Generally, the invention is a tethered-ball training device having a support, at least one tether-rewinding device mounted on the support and connected to at least one tether, and a ball attached to the tether and being suspended from the support when at rest. The support may include a base to allow the device to be free-standing, although the device may be modified to attach to a variety of surfaces such as the wall, floor, net or existing supports. The tether-rewinding device allows the feed-out of the tether when a force is applied to the ball and the controlled retraction of the tether when the ball has reached the end of the tether. Suitable tether-rewinding devices may be springwound, weight driven or motorized.
One embodiment of the tethered-ball training device has a U-shaped support with a first vertical pole, a second vertical pole, and a horizontal pole connecting the first vertical pole and the second vertical pole. It has a base with a first leg and a second leg. The first vertical pole is perpendicularly connected to the first leg and the second vertical pole is perpendicularly connected to the second leg. The device includes a first spring-wound cord reel with a first tether that is mounted to the first vertical pole and a second spring-wound cord reel with a second tether that is mounted to the second vertical pole. A ball is attached to both the first and second tethers, thus being suspended between the first and second vertical poles.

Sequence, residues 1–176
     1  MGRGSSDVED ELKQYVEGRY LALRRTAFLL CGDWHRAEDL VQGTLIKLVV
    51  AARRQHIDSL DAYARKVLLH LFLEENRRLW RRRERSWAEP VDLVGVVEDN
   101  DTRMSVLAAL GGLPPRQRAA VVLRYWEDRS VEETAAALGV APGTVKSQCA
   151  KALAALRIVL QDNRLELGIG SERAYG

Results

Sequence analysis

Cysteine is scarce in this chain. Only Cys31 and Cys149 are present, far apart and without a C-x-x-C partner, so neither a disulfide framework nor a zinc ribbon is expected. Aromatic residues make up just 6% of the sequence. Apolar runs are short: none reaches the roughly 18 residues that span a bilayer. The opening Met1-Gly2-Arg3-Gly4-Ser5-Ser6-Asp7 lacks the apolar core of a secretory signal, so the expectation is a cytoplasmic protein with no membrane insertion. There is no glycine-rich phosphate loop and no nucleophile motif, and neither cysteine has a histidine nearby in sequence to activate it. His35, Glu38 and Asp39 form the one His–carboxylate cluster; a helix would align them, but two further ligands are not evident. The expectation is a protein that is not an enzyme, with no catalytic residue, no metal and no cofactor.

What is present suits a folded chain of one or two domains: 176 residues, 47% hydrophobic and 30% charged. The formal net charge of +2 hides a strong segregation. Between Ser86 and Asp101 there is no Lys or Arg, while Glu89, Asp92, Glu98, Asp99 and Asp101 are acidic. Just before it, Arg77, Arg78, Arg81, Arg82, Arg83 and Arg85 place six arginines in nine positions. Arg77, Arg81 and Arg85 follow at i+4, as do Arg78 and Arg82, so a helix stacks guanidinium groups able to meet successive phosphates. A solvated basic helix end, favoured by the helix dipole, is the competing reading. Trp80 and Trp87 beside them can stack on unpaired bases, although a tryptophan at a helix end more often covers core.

In one modification of the two tether device, the vertical poles are not contiguous, but comprised of two parts removably connected together. Thus, an inverted-U-shaped portion can be detached from the vertical poles and reattached in a perpendicular orientation, thus forming a C-shaped portion. In this way, the device is converted from a two point horizontal attachment system used for generally vertical strikes to a two point vertical attachment system that can be used for generally horizontal strikes. This feature maximizes both the vertical and horizontal mobility of the ball, while the two point attachment system prevents the tethered ball from wrapping around the support.